Published Jul 30, 2008Kevin Martin has been scaling walls of sound for years. His 90s band-oriented projects God, Ice and Techno Animal, combined jazz, dub and industrial elements. In this decade, hes been more of a free agent. As the Bug, he has often teamed up with some of Britains most notable dancehall vocalists. If infected by the Bug, you will spasm from deep bass pulses until you surrender completely. London Zoo, a poisonous brew of dub, dancehall and noise, is the Bugs debut on Ninja Tune. If theres any justice, this release will catalyze the critical respect Kevin Martin has garnered on the margins of British music for almost two decades into greater popularity. Martin answered some questions via email regarding the new record's bleak tones as well as his sense of humour and signing to Ninja Tune.
Throughout your career youve been described as experimental when youre making soundsystem music, do you see it that way? Or is it more about channeling your expertise in sound design to move a crowd?
I think I've gradually moved from the idea of flat out experimentation for the sake of it - which was my attempt to get lost in studio space whilst trying to discover my own individual musical voice - to the experimentation that is possible whilst immersed in the discipline of songwriting. Meaning, I've basically moved from the outside in, and am now enjoying trying to write songs that involve experimentation. I'm enjoying the possibilities of moving a crowd on my terms, via structures they know, as I basically attempt to heavily hit their bodies and minds simultaneously, in a twisted kind of way... [Laughs]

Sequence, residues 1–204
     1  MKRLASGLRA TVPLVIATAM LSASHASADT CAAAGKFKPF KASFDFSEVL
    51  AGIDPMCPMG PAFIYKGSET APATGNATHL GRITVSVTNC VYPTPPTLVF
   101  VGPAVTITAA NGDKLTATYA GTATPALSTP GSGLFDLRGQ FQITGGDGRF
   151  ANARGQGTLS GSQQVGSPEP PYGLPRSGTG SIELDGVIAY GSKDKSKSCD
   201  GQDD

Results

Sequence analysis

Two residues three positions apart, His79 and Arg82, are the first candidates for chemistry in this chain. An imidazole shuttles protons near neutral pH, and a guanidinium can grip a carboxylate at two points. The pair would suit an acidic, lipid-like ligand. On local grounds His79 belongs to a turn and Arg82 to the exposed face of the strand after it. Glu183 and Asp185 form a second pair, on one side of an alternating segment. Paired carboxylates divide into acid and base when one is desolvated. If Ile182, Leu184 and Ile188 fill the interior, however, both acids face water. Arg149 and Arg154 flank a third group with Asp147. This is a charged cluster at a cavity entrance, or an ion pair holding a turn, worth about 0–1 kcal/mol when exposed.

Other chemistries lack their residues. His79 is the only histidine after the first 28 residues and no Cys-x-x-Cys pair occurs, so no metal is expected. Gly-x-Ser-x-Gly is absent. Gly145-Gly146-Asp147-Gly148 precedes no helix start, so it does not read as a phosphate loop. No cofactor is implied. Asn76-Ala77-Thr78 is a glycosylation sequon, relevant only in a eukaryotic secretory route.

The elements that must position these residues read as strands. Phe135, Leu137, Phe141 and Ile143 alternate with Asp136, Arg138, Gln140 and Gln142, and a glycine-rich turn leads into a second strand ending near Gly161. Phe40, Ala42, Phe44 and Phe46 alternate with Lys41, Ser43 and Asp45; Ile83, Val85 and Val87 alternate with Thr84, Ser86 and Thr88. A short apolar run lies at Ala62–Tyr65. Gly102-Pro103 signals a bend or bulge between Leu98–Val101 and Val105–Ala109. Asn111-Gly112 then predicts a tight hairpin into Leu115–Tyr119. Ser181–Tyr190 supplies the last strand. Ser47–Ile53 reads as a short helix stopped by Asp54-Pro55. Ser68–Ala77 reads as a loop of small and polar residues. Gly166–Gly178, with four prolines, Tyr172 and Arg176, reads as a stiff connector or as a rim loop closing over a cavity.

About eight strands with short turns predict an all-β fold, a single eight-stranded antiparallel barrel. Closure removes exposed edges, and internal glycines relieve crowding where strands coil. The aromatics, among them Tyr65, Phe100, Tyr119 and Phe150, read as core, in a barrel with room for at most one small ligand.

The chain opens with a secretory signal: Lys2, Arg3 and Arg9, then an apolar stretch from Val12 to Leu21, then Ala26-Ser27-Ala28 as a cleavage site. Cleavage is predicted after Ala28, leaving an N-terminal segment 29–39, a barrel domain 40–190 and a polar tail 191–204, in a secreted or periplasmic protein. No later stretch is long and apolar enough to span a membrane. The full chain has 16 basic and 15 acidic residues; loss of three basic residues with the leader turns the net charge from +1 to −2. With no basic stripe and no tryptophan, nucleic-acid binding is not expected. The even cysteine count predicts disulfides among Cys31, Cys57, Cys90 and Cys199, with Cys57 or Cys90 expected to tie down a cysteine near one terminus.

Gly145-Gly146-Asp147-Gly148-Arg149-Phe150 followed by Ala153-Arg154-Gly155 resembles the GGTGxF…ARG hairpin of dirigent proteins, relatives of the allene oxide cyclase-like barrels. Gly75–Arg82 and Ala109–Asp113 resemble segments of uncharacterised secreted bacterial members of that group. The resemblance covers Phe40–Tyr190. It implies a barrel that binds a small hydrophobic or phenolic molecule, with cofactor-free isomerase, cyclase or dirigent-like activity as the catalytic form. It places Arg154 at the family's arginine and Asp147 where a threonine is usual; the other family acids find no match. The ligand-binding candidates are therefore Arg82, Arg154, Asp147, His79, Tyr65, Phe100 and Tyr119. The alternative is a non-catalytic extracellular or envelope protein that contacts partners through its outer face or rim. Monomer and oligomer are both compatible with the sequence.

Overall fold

Ive read that one of the aims with the Bug is to make it sound system friendly. Are you trying to make banging tunes? Is that the main difference between your previous dub projects and the Bug?
As Ive become disillusioned with bands and guitar groups rehearsed theatrical drama, and become more obsessed with pure sound experiences, I've enjoyed making music that can live up to the powerful potential of dub inspired sound systems, to cause cerebral explosions and physical detonations. Im loving watching some of my recent tunes tear up dance floors and gratefully watched people lose it completely to Bug rhythms. I've basically changed from despising the crowd in my early band days, to now proudly watching the full energy of a massed mosh pit freaking out to a track like "Poison Dart... I've just tried to excite myself first and foremost, and basically hoped that this dynamic energy can translate to others.
The vocals are pretty bleak throughout in terms of tone and subject matter. Was that something you requested from the singers, or did was it something they wanted to bring to you? For instance, Ive never heard Tippa Irie sound like he does on your album was it a challenge to get into that frame of mind for some of the vocalists?